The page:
Nationwide enrollment in HMOs grew 9.2% to 45.2 million members in 1993, according to the Group Health Association of America. The increase of nearly 4 million members from the end of 1992 is the largest annual increase since 1987, GHAA said. The new numbers are similar to preliminary figures GHAA released late last year (Dec, 13, 1993, p. 8). "An increasing number of consumers are choosing to receive care in HMOs today because they work," said GHAA President Karen Ignagni. "More and more consumers see HMOs as a better way to get healthcare because they emphasize quality, comprehensive benefits, prevention and low out-of-pocket costs."
The Sisters of Providence Health System, Seattle, has joined Premier Health Alliance, Westchester, Ill. The Sisters of Providence system becomes Premier's fifth group affiliate and second Roman Catholic system. Premier is a for-profit cooperative owned by 51 hospitals and systems. Last year, the Sisters of Charity of the Incarnate Word Health Care System, Houston, joined Premier. The Sisters of Charity and the Sisters of Providence had been with the now defunct Cross purchasing group. Earlier this year, Cross and its three Catholic system members merged purchasing programs with the Daughters of Charity National Health System, St. Louis, and the Sisters of Charity Health Care Systems, Cincinnati. With the Sisters of Providence annual purchases of $130 million, Premier's purchasing volume now is about $1.4 billion, the company said. It represents more than 220 hospitals and systems with almost 66,000 beds.
New York's Presbyterian Hospital, a unit of Columbia-Presbyterian Medical Center, has joined VHA Metro New York, an affiliate of Irving, Texas-based VHA. By becoming a partner, 1,433-bed Presbyterian will become part of an integrated delivery network being formed to serve the New York metropolitan area (March 7, p. 3). Presbyterian is a shareholder in the national VHA organization but left the local partnership in 1990 when the hospital was experiencing financial difficulties. VHA Metro New York now represents 12 members, some of which operate more than one acute-care hospital.
Caremark International has signed a contract with Metropolitan Life Insurance Co. to provide home infusion services for 7 million of the company's managed-care enrollees. Terms of the agreement weren't released. Northbrook, Ill.-based Caremark also announced that it has invested $5 million in Apache Medical Systems, a Washington-based healthcare outcomes management systems and consulting firm. Apache develops outcomes management systems used by hospitals and physicians to track patient health data.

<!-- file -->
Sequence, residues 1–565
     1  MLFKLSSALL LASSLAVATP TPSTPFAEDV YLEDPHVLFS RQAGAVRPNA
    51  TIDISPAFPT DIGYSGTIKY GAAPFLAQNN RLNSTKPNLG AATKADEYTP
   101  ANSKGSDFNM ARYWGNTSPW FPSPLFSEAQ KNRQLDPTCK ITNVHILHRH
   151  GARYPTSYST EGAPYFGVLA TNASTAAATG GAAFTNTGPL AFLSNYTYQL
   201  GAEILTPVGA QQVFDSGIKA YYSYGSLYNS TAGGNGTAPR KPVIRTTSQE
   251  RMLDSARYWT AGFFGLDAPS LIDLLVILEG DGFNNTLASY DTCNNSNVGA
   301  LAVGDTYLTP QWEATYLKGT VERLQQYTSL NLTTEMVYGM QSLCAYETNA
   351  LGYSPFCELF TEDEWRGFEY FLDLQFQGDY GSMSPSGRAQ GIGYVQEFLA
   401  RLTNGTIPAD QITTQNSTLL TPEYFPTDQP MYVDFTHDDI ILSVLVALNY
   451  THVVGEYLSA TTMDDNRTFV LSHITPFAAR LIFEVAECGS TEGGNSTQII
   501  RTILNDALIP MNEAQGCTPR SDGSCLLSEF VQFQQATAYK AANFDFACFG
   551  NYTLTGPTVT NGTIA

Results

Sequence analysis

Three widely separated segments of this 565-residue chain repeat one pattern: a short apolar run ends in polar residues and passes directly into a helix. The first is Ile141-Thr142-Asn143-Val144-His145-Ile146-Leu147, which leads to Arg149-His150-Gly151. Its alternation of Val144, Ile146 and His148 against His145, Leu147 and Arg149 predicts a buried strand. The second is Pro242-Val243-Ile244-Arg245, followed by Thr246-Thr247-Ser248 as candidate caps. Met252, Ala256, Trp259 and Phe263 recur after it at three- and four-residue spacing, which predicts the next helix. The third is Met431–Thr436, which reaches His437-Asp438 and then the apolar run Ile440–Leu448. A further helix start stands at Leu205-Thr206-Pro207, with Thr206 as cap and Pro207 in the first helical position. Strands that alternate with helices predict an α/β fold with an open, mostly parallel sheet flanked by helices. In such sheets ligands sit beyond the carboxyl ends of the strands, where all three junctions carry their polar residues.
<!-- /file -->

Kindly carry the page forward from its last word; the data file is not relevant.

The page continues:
Washington Hospital Healthcare System in Fremont, Calif., has tapped one of its own, Nancy Daryl Farber, 46, a system administrator, for the top executive job. Ms. Farber succeeds longtime chief executive Richard M. Warren, 64, who is retiring from the post this month. Ms. Farber joined the system in 1984 as chief of the hospital's strategic management department from UCLA Medical Center in Los Angeles, where she was an assistant administrator. She is credited with initiating the strategic plan resulting in development of the Washington Clinics, Washington Stanford Radiation Oncology Center and various other outpatient and specialty services composing Washington Healthcare. It also operates 306-bed Washington Hospital.
UniHealth America Ventures, a subsidiary of Burbank, Calif.-based UniHealth America, has named Robert Nelson, executive vice president and chief executive officer of Harriman Jones Medical Group in Long Beach, Calif., to the post of senior vice president for medical group development, effective July 1. In his new job, Mr. Nelson, 60, will oversee UniHealth Ventures' development of a statewide physician network through the expansion of physician partnerships and medical group relationships. Mr. Nelson, who has served as top executive of the 75-physician Harriman Jones since 1987, has worked in medical group management for 23 years.